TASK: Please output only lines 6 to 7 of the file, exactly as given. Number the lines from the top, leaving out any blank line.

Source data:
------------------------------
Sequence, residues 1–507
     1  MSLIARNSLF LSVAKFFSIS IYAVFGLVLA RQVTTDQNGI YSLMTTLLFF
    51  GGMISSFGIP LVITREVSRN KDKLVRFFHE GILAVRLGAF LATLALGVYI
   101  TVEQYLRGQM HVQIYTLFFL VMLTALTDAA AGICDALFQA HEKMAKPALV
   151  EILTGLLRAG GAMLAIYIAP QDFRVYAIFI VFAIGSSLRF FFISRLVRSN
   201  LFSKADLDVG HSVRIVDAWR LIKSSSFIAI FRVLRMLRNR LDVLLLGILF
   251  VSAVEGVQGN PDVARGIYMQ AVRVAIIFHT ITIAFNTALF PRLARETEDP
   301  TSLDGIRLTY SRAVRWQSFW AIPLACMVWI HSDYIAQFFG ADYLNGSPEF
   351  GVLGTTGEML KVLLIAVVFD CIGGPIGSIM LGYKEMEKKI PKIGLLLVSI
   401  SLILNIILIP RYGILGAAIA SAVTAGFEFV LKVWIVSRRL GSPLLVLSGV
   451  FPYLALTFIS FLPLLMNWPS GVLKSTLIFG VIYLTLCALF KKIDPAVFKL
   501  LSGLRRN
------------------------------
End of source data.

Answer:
   201  LFSKADLDVG HSVRIVDAWR LIKSSSFIAI FRVLRMLRNR LDVLLLGILF
   251  VSAVEGVQGN PDVARGIYMQ AVRVAIIFHT ITIAFNTALF PRLARETEDP